Yesterday morning I thought I’d do something nice for my book…so I sent out my press release to almost a dozen newspapers around my area, hoping someone will pick up my story and run with it.
I know this sounds a little intimidating to novice writers (and perhaps a few not-so-novice ones as well.) Press releases sound like terribly official and extremely elevated forms of publicity. Celebrities and experts and gala events get press releases…not us.
But did you ever try writing one? It’s really not that bad—and it can do your book a world of good.
A press release is free publicity.
Reporters for media outlets love them because they provide content. You, as a writer, should love press releases because they tell the audience exactly what you want them to know.
Even if you don’t need a press release yet, it’s a good writing exercise. We’ve practiced writing log lines and queries and elevator pitches. With that practice came ease and familiarity with simmering our 90k word masterpiece into pure concentrated glory. Use this as another writing exercise so, when the time comes to finally make an announcement, you can rip out a press release and send it to your editor so fast her head will spin.
Exercises like these often help writers find new focus in their manuscripts, as well. Writing a press release provides a sort of goal for the work-in-progress—how you want your book to be viewed once it’s released into the world.
A Press Release is NOT an Advertisement.
The key to writing an effective press release is to keep in mind who your target is: the journalist.
Weird, right? It’s not necessarily the publication’s audience. Just as a query letter is designed to snare the agent, a press release is meant to snare the journalist and get him to explore your story further. A press release is a huge billboard that says THERE’S A GREAT STORY HERE! and it lures all the news-hungry journalists over to see what’s going on.
Advertisements are for customers, not for journalists. Journalists aren’t looking to shop—they are looking to write articles for their publication.
Never exaggerate or hard-sell your book. Write the press release as if you are an objective reporter who found a news-worthy topic. Share an overview of the book and a general bit about the author. Keep it clean, keep it short, and keep it sharp. Don’t give a journalist the excuse to skim or, worse, pass on it.
Anatomy of a Press Release
Traditionally, a press release has a few main sections: the headline, the lead paragraph, the body, the boilerplate, and the close.
Headline: the title of your press release. This is the eye-catcher, the sparkling summary, the hook. Write it as you would a hook sentence. Inspire curiosity and an intense need to read further. You can also add a subhead, which is in smaller type below the headline. It’s another sentence or two providing more information—and more hooks. They aren’t always included but since this is an exercise for some of you, go the distance for extra credit. Make those hooks sharp.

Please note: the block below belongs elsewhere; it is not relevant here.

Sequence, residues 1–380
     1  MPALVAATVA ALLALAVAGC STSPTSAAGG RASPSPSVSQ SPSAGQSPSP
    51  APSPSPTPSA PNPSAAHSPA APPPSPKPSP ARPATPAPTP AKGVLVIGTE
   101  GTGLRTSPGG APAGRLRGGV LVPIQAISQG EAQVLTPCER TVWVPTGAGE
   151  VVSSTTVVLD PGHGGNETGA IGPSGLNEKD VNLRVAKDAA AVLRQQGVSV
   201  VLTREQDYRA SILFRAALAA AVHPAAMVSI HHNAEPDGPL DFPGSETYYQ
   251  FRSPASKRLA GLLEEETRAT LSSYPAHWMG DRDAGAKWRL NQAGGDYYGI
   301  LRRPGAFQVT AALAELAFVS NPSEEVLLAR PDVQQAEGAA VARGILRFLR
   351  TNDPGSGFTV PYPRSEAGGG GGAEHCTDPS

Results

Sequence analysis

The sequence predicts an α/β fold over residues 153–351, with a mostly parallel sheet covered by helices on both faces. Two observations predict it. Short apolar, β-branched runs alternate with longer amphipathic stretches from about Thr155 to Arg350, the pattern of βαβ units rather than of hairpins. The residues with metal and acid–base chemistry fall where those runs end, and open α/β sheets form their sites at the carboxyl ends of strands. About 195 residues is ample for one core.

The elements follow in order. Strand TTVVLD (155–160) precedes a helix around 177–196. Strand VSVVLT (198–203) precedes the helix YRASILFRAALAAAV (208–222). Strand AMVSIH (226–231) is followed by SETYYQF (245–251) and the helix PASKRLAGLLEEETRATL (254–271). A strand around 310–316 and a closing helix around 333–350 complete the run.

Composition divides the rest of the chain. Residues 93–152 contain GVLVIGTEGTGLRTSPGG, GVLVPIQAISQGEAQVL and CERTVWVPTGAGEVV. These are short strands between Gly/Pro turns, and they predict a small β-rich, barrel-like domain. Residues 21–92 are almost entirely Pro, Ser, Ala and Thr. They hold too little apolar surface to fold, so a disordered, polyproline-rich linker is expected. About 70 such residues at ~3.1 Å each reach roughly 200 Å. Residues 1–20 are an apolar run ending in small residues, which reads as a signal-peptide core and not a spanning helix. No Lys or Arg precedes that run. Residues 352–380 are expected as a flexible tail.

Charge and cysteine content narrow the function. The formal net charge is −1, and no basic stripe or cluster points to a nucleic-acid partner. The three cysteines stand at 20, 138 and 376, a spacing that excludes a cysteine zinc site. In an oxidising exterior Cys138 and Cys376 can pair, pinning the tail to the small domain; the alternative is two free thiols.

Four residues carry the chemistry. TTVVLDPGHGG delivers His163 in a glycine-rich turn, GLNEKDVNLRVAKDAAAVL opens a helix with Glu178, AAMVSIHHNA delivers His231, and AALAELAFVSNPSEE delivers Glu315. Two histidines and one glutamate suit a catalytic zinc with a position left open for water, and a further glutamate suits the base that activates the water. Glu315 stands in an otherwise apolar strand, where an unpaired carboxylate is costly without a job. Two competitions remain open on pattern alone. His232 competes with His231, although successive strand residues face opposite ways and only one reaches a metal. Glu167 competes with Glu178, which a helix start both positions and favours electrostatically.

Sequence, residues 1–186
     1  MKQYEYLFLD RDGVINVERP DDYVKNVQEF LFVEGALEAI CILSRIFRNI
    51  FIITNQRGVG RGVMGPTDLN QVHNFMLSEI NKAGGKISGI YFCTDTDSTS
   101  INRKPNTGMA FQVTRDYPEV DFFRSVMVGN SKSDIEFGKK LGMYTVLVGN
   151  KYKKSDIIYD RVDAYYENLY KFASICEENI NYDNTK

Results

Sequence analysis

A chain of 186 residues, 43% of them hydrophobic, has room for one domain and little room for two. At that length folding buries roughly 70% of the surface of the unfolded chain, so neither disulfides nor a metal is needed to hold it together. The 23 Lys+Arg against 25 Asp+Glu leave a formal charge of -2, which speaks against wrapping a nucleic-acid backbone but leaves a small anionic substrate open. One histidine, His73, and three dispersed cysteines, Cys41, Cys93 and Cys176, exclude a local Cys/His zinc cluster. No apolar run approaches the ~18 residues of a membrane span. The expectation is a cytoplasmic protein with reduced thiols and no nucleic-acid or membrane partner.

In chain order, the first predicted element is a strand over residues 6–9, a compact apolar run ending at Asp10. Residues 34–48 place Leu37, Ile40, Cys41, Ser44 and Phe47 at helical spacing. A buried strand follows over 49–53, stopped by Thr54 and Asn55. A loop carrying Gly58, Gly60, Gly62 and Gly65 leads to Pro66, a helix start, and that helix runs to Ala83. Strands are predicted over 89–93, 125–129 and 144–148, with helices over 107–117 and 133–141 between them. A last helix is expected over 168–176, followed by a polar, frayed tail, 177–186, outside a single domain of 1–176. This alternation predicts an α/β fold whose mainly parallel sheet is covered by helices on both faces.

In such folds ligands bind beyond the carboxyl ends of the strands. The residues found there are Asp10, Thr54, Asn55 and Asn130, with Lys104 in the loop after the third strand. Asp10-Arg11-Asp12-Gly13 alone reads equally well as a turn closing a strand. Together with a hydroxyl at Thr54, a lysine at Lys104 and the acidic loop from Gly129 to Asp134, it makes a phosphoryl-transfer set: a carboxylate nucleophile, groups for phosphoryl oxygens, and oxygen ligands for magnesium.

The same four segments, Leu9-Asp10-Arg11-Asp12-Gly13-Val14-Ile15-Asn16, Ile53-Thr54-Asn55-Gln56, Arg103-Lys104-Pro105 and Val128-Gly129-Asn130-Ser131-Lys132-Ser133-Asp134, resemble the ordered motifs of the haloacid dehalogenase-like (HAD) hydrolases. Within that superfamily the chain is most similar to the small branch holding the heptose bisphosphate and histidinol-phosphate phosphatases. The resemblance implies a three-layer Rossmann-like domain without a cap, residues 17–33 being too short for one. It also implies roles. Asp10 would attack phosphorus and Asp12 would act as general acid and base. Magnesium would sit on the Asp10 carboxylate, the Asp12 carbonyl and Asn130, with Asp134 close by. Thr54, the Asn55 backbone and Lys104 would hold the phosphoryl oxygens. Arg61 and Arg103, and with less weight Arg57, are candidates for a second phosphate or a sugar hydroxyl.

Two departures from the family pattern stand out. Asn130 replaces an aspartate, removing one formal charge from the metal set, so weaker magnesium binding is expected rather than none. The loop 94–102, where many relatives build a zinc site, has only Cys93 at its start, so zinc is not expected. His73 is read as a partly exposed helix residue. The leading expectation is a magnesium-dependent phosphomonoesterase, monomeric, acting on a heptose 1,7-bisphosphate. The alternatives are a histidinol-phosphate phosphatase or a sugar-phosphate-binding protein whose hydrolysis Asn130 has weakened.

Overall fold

Lead Paragraph: This should be informative, nothing more. This is the spot for the who-what-where-when of the press release. If you’re promoting fiction, you have a little wiggle room. Make it interesting but make it tight.
Body: Use this paragraph to elaborate and support your news. Provide examples and author quotes and remember: you are still trying to sell this story to a journalist so write like one. Keep it clean of adjectives and sales pitches and puffed-up claims.
Boilerplate: otherwise known as the biographical section. Write a bio for yourself, much the same way you’d write in an agent query letter. Say good things about yourself, your accomplishments, or your relevant qualifications. Direct the audience to a website or point to other resources that might elaborate on the subject of your book. Again, keep it short (but make it sweet.)
Close: Your contact information. That way a reporter knows who to call to get his next story.
Additional Essential Elements
The press release also has two more details to include in order to maintain proper structure. I’ll list the parts we already discussed and slip in the missing lines in bold face.
FOR IMMEDIATE RELEASE
# # #
Release Information: generally written as “for immediate release” but can also be altered to fit your needs by writing, for instance, “for release after XXX date”.
# # #: Tells the reporter this is where the printable text ends.
That’s all there is to it, folks. Use this template to plug in your information and away you go. You and your book are newsworthy!
There’s a few extra nuggets of wisdom to remember.
• Use your headline as your email’s subject line.
• Keep it to one page– 400 to 500 words is the sweet spot.
• Write it in third person.
• Research your target publications and tailor the release to keep it audience-specific.
• Keep it factual. You sell yourself by giving the facts and making them interesting. No one wants fluff unless they are shopping for pillows.
• Cast a wide net—approach newspapers, online news publications, and radio stations. Can you think of other places that might promote you by reporting about your book?
That’s really all it takes to write a successful press release. It’s a unique writing exercise that gives us the opportunity to create another effective marketing tool for our books. There is a world full of free press out there—and now you know how to grab some of it.
Ash Krafton is a speculative fiction writer who resides in the heart of the Pennsylvania coal region, where she keeps the book jacket for “Abraham Lincoln: Vampire Hunter” in a frame over her desk. Visit Ash’s blog at www.ash-krafton.blogspot.com for news on her newly released urban fantasy “Bleeding Hearts: Book One of the Demimonde” (Pink Narcissus Press 2012).
This article first appeared on the Query Tracker blog.